Closing the transportation gap

Krapf Coaches connects with the Philadelphia Navy Yard

The Philadelphia Navy Yard enjoys a distinguished history as the nation’s oldest naval shipyard. However, in the mid-1990s the Federal Government Base Realignment and Closure program necessitated shifting most of the facility’s functions to other locations due to changing priorities. This threatened to substantially damage the regional economy, until a unique hybrid mix of government and private interests emerged to change what could have been a major setback to this booming regional economic engine.




Beginning in 2000, the Philadelphia Industrial Development Corporation began acquiring what would eventually amount to 1,200 acres of the facility, and then invested more than $130 million in infrastructure improvements. Its efforts quickly attracted the businesses that now occupy more than 6.5 million square feet of office, industrial, and research space.

The organization also invested more than $700 million in private capital in the Navy Yard. This public-private partnership now boasts 143 companies that employ a total 11,000 people, and promises further growth in the near future.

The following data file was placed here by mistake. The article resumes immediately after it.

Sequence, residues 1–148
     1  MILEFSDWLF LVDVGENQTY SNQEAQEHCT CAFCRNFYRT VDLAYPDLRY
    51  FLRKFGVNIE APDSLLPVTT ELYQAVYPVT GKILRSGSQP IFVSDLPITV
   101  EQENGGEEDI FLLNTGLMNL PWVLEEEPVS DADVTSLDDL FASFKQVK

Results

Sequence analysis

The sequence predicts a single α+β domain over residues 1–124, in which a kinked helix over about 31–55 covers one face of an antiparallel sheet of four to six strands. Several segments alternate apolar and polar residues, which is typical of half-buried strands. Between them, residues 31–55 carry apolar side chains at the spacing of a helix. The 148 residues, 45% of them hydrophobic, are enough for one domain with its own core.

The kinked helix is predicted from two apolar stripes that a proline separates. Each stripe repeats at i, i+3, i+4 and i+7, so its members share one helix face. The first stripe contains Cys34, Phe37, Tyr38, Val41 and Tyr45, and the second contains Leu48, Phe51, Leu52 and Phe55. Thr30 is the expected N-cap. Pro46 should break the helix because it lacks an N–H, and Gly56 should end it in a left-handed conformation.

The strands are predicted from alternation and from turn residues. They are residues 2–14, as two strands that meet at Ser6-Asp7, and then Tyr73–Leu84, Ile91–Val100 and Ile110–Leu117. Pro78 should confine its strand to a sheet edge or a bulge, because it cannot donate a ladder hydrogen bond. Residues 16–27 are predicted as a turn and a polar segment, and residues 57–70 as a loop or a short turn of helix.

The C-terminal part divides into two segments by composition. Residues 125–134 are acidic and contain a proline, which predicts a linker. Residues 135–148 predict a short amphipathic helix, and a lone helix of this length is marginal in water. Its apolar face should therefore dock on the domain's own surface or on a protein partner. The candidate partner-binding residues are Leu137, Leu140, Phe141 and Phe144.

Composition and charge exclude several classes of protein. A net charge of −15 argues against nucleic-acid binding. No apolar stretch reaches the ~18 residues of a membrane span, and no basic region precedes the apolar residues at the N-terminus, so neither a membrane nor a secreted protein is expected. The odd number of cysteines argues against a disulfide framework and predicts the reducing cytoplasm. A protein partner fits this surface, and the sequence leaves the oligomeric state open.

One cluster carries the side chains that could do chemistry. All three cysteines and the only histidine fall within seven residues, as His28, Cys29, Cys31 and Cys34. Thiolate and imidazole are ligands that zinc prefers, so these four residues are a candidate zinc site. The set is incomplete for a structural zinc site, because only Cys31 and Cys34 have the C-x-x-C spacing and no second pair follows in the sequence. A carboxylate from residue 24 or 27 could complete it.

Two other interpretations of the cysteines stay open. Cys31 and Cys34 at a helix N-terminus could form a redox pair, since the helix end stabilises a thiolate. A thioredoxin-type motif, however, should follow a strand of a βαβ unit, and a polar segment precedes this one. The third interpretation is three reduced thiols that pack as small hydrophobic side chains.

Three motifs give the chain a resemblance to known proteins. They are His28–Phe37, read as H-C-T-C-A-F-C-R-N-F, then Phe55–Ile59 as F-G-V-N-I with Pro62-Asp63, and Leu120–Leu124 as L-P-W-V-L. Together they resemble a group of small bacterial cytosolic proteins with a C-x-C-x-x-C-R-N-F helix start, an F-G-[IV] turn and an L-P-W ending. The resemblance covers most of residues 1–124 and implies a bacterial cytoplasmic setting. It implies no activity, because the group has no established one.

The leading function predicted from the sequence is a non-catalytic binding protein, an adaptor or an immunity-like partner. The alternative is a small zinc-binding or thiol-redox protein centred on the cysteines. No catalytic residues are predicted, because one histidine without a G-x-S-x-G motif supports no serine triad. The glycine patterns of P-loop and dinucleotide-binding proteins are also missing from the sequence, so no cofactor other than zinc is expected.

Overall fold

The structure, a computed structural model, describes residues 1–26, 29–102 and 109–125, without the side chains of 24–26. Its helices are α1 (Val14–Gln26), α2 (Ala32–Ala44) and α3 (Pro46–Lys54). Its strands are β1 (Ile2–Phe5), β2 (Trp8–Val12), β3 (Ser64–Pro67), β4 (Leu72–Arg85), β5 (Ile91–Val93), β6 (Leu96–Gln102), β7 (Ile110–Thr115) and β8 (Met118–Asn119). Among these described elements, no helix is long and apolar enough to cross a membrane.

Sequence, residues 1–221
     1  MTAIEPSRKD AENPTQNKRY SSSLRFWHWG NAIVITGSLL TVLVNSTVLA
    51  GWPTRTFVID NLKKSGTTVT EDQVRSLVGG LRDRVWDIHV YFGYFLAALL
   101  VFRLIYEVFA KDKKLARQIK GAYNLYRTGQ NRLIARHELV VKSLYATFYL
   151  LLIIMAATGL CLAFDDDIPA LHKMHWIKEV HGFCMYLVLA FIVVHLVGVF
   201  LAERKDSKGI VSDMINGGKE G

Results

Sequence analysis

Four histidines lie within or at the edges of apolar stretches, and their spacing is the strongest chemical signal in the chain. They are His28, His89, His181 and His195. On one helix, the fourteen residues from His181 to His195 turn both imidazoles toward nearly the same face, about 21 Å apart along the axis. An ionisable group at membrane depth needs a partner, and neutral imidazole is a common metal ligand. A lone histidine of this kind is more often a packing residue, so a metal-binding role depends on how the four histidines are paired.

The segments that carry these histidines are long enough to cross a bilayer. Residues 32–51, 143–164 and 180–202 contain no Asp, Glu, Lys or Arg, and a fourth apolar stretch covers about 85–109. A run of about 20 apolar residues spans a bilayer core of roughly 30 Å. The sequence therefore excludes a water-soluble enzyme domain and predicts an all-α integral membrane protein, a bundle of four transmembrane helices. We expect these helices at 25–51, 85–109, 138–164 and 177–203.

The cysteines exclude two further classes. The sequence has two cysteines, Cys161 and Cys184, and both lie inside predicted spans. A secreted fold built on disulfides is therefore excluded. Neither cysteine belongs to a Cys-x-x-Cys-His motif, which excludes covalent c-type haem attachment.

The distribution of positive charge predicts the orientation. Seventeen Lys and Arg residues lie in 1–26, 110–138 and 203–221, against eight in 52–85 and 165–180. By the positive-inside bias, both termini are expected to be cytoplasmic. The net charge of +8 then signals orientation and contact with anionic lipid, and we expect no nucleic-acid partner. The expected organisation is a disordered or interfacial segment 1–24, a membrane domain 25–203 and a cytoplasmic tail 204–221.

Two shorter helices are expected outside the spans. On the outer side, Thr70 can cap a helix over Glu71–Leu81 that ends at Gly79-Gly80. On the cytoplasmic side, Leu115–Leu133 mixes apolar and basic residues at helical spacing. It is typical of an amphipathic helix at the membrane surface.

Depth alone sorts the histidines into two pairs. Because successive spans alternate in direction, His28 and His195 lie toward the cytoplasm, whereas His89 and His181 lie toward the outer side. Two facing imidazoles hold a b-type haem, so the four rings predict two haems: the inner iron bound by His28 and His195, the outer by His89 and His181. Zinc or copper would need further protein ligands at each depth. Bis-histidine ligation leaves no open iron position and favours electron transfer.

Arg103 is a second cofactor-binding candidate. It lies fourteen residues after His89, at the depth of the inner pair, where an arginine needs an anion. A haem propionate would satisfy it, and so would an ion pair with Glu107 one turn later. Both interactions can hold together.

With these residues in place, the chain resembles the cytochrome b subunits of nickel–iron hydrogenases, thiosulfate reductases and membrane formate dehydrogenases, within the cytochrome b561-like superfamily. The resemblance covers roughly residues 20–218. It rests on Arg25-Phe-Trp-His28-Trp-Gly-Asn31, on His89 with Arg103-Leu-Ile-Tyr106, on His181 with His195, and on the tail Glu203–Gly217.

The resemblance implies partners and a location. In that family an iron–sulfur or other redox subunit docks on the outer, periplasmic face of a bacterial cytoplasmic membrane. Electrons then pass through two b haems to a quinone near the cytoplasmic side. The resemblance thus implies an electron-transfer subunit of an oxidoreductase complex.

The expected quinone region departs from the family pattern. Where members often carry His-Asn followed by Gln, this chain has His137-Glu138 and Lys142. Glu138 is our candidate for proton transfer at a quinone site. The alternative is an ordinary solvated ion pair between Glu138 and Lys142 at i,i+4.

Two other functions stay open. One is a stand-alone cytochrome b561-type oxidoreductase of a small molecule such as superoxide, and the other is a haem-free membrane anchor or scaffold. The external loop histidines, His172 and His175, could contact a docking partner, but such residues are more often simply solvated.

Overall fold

To serve the facility’s transportation needs, the Navy Yard began the search for an efficient way to help employees commute to work and to get around the facility located south of Philadelphia’s Center City. The site is convenient but somewhat removed from public transit in several areas.
Closing that gap to make it easier for employees to use mass transit required another hybrid effort of public and private resources.

The Navy Yard contracted with nearby Krapf Coaches to operate scheduled service to connect with the public transportation system. As one of the Mid-Atlantic’s premier and most diversified bus companies with unique strengths that complement the existing mass transit infrastructure, the Navy Yard saw this company as its ideal choice. Krapf also signed on to run a shuttle loop within the business campus.

“One bus circulates the campus all day long, connecting all of the businesses and the Broad Street subway AT&T Station,” says Gary Krapf, company president and grandson of founder George Krapf. “This is even more convenient because it is directly in front of the Philadelphia Sports Stadiums in South Philly.”

Krapf currently operates more than 2000 school buses, 20 luxury motorcoaches, 35 transit buses and 88paratransit vehicles. Its transit division alone carries more than 550,000 passengers a year, largely in partnership with Southeastern Pennsylvania Transit Authority (SEPTA).